Josh Marshall

Josh Marshall is editor and publisher of TalkingPointsMemo.com.

Articles by Josh


At the end of next week, TPM will celebrate its 15th year online. Three more than twelve, a third of my life. Wow.

We're going to put together some fun stuff for next week. And we've got something I think core readers will be really excited about which we're announcing tomorrow.

From the Denver Post ...

Minutes before 33-year-old Noah Harpham began a shooting rampage Saturday in Colorado Springs that would leave four dead, his neighbor spotted the tall, lanky man standing outside with a rifle.

Naomi Bettis said she called 911 to report Harpham, but a dispatcher explained that Colorado has an open carry law that allows public handling of firearms. Bettis was perturbed by the call taker's response, which she feels could have prevented catastrophe.

Read the rest here.

Obama: If GOPers can't handle CNBC moderators, they can't handle Putin. Watch.

After yesterday's joint agreement among Republican presidential candidates to negotiate the terms of future debates with right-wing cable networks, it seemed like the biggest breakthrough for collective bargaining in the GOP in half a century. But now it looks like the whole effort is breaking down. First, Trump, striver, says he'll negotiate directly with the networks. Now Fiorina, Kasich, and Christie each say they won't sign either.

So now we're left with, who's actually going to sign? And can the Syndicate survive at all? Or is it just Ben Carson, Jeb and guys who can't get over 1%?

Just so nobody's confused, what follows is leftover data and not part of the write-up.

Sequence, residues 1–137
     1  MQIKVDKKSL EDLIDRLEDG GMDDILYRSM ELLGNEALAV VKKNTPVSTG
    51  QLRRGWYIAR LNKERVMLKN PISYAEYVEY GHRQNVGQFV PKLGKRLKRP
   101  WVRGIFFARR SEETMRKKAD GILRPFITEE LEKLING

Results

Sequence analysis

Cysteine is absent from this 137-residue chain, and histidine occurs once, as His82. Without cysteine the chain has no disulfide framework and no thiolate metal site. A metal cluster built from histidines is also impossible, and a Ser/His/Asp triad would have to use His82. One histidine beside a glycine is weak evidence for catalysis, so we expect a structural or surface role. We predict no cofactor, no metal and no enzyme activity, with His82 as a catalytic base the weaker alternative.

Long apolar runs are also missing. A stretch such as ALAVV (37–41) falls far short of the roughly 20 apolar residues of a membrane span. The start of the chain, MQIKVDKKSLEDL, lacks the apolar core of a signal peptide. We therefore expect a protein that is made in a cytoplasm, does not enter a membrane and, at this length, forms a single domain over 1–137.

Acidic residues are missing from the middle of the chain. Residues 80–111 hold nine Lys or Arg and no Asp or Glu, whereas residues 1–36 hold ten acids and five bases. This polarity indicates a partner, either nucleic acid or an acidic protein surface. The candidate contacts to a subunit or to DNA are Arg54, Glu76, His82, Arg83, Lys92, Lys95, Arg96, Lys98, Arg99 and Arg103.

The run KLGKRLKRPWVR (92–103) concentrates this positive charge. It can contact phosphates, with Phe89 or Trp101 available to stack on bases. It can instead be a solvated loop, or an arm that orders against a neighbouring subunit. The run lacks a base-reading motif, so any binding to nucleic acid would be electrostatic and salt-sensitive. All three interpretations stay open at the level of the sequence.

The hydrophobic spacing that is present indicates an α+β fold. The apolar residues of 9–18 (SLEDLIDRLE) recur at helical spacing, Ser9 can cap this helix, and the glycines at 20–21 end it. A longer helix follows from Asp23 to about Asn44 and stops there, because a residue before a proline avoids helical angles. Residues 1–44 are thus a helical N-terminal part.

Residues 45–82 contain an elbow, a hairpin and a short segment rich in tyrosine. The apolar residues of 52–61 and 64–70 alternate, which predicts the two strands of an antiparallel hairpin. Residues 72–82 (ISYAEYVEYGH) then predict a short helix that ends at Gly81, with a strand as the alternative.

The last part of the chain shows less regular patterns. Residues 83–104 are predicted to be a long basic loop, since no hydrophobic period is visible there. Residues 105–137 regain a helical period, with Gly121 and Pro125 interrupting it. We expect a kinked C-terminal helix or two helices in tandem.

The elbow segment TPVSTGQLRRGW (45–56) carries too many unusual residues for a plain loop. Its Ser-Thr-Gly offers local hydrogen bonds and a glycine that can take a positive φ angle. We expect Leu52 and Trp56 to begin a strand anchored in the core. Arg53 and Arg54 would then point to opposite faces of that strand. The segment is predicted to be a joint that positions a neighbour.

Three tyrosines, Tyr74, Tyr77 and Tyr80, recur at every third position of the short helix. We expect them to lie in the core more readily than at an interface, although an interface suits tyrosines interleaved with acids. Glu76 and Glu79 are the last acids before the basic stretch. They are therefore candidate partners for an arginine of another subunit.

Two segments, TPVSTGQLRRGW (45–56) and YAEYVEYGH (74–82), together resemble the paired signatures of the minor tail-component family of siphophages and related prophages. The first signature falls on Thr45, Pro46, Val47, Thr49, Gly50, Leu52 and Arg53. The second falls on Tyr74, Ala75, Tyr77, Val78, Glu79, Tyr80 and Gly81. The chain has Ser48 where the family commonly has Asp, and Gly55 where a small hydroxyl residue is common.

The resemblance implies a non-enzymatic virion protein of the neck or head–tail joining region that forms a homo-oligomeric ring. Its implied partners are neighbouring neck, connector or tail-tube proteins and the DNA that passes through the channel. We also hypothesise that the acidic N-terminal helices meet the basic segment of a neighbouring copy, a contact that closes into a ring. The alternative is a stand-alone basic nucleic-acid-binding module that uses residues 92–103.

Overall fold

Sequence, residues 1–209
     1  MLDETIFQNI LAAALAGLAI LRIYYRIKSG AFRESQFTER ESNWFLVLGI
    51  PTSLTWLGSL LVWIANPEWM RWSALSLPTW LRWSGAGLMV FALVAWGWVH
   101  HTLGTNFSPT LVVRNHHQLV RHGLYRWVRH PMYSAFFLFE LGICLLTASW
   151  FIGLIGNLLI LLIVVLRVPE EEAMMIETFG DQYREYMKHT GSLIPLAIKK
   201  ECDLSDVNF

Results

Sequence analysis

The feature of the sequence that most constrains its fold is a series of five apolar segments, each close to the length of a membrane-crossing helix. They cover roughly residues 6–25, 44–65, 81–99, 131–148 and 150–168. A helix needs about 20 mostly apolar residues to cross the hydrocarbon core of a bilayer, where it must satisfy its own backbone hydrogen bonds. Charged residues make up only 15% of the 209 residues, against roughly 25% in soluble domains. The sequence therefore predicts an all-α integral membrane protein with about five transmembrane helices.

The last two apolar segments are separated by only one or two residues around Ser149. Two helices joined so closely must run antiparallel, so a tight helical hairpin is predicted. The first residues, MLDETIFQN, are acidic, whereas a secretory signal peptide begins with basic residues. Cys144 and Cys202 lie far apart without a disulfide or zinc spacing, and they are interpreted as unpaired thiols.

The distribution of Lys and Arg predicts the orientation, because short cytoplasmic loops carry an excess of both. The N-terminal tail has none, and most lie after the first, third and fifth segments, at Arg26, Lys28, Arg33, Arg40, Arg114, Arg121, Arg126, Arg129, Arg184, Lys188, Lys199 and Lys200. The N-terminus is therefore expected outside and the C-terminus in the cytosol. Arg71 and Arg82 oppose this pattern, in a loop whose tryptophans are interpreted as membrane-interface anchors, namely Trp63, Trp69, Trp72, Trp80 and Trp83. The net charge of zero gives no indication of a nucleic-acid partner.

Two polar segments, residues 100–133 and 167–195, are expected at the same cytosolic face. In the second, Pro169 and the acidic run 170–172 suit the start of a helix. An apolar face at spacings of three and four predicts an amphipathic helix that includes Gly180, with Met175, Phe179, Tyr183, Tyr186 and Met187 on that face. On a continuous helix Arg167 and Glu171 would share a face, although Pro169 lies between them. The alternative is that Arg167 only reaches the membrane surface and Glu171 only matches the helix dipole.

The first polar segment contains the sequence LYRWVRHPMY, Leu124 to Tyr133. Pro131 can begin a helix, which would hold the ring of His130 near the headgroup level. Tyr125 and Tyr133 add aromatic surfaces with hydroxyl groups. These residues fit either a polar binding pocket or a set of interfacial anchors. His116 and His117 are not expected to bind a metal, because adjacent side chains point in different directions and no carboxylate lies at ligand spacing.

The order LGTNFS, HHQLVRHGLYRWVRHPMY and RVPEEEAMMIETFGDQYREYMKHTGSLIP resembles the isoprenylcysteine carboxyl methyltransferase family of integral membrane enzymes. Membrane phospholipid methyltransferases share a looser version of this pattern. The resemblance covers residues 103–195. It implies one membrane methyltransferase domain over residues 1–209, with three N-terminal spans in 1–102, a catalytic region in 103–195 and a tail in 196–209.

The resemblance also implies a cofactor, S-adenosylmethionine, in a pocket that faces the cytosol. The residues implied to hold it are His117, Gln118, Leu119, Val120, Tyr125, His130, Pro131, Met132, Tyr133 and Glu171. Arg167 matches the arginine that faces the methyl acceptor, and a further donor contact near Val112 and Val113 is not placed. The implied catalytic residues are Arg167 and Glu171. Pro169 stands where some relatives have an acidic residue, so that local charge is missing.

With the news of the demise of the Keystone Pipeline, I wanted to flag some new Insight survey data on fracking. (No, not directly connected; but both centered on energy policy and the environment.) In our question, we asked "Which best fits your opinion about the drilling process calling hydraulic fracturing or "fracking"?

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TransCanada asks US to suspend approval request for Keystone Pipeline.

There's an interesting side note to this battle. And this is not remotely to understate the work of activists who fought for years to scuttle the project. As things ground on over the last two years, a reality came to the surface: the fight over the pipeline had become deeply enmeshed in the nation's partisan battles. But historically low oil prices were at the same time undercutting the economic rationale for the entire project. I remember thinking earlier this year that there seemed to be more enthusiasm for the project on the part of US Republicans - largely to score political points - than there was on the part of the people trying to build it. In any case, with a formal Obama administration rejection apparently in the offing, years of activism and the collapse of oil prices appear to have conspired together to kill the Keystone Pipeline.

I'm confused about whether "Jeb can fix it" is about his own campaign or about the country. And if about the latter, is he getting ahead of himself?